Visits to the site start in a reconstructed 1790s log cabin. A few cabins like this have been constructed on site and give visitors a chance to better understand what life was like at French Azilum. If you’ve ever been to France, or can even conjure up an image of what life is like there, you’ll quickly understand how shocking it must have been for these wealthy French aristocrats to come to this forgotten corner of Pennsylvania. It’s not entirely surprising that many quickly left for larger cities with French-speaking populations.
Inside the cabin, visitors can watch a 15 minute video about the site’s history that was made by a local high school class in the early 1990s. While this might sound like a recipe for a really poorly done film, I actually found it to be quite well executed and very informative.
Also inside this log cabin are items that have been uncovered during excavations of the site. While additional signage might have been helpful to put the pieces in context, it was very interesting to get more of a glimpse into life at French Azilum.
Outside of the small items found during excavation, there are only two large pieces of the original settlement remaining. The first is the foundation of a wine cellar. While looking at the cellar, I chuckled a bit. The French settlers loved their wine so much that they made the storage area the most lasting part of the community. The other original piece is a large grist mill stone laying on the ground outside of the Laporte Home.
The highlight of any trip to French Azilum is taking a tour of the large home built by John Laporte. Inside, the home combines authentic pieces from the Laporte family with both authentic and reproduction pieces related to French Azilum. Walking through the home, it’s very interesting to see how a prominent family of the time would have lived along the Pennsylvania frontier.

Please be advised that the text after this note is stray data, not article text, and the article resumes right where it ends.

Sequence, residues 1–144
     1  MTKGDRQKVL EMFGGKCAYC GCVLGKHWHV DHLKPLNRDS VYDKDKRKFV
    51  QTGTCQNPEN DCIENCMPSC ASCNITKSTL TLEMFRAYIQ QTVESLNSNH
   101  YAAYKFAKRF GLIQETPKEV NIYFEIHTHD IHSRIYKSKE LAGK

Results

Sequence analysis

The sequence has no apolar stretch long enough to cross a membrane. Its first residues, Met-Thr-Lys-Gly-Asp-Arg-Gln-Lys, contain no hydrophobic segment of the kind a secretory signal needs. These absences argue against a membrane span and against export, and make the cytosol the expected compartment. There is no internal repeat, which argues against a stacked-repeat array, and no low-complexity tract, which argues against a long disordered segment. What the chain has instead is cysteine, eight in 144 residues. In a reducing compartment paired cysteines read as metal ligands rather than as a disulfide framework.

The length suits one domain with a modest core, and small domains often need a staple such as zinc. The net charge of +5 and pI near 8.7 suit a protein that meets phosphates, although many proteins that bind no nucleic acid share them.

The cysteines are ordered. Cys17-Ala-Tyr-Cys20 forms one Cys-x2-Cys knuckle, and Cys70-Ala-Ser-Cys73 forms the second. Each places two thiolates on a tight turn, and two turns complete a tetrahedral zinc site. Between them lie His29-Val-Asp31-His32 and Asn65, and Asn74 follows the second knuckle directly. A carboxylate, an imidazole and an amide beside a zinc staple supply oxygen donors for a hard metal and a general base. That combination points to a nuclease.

The second floor also holds a small room with historical records of the settlement. Those looking for family members who may have passed through French Azilum will find everything they need in the home.
Once you are ready to leave French Azilum, make sure to take a drive across the Susquehanna River to the Marie Antoinette Overlook. While you can see the overlook from Azilum, it takes about 20-25 minutes to drive here because there is no convenient way to cross the river. However, the view is worth it.
The Marie Antoinette Overlook was built in the 1920s when Route 6 was being routed through the area. The overlook was improved by the Civilian Conservation Corps in the 1930s when they added the walls and towers that you see today.
Looking out over Bradford County from the beautiful vantage point, you can make out what remains of French Azilum. In fact, despite its small size today, the entire area of land along the bend in the Susquehanna was at one time part of the settlement.
If you have a chance, the free audio tour available here has some interesting information on the colony and the entire Wyalusing Valley. Signs at the overlook contain all the information you need to dial in.
Overall, I really enjoyed my experience at French Azilum. To be honest, I was a bit surprised at how little was there, and it does require some imagination to fully understand what life was like in the settlement. If you are the kind of person who really needs to physically see the buildings being talked about, you might be disappointed by the site. However, if you use your imagine and take some time to fully understand the amazing events that occurred here, I thoroughly believe that you’ll come away with a great appreciation for French Azilum.
Note: My visit to French Azilum was hosted by the museum. However, the opinions expressed are my own.
Hours: Friday-Monday: 11am-4pm
Cost: Adults: $5, Children: Free
Address: 469 Queens Road